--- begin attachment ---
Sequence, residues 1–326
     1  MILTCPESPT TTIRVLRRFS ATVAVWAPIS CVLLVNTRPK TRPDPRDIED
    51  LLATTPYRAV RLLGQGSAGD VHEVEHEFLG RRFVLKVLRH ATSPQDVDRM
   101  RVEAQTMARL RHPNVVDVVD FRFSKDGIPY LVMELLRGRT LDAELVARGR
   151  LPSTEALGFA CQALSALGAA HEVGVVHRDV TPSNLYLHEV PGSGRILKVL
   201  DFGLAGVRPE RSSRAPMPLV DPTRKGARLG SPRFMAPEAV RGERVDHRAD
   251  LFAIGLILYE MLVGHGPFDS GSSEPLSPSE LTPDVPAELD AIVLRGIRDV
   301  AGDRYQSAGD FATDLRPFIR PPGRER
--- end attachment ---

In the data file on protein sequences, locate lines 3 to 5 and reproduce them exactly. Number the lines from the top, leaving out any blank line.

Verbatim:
    51  LLATTPYRAV RLLGQGSAGD VHEVEHEFLG RRFVLKVLRH ATSPQDVDRM
   101  RVEAQTMARL RHPNVVDVVD FRFSKDGIPY LVMELLRGRT LDAELVARGR
   151  LPSTEALGFA CQALSALGAA HEVGVVHRDV TPSNLYLHEV PGSGRILKVL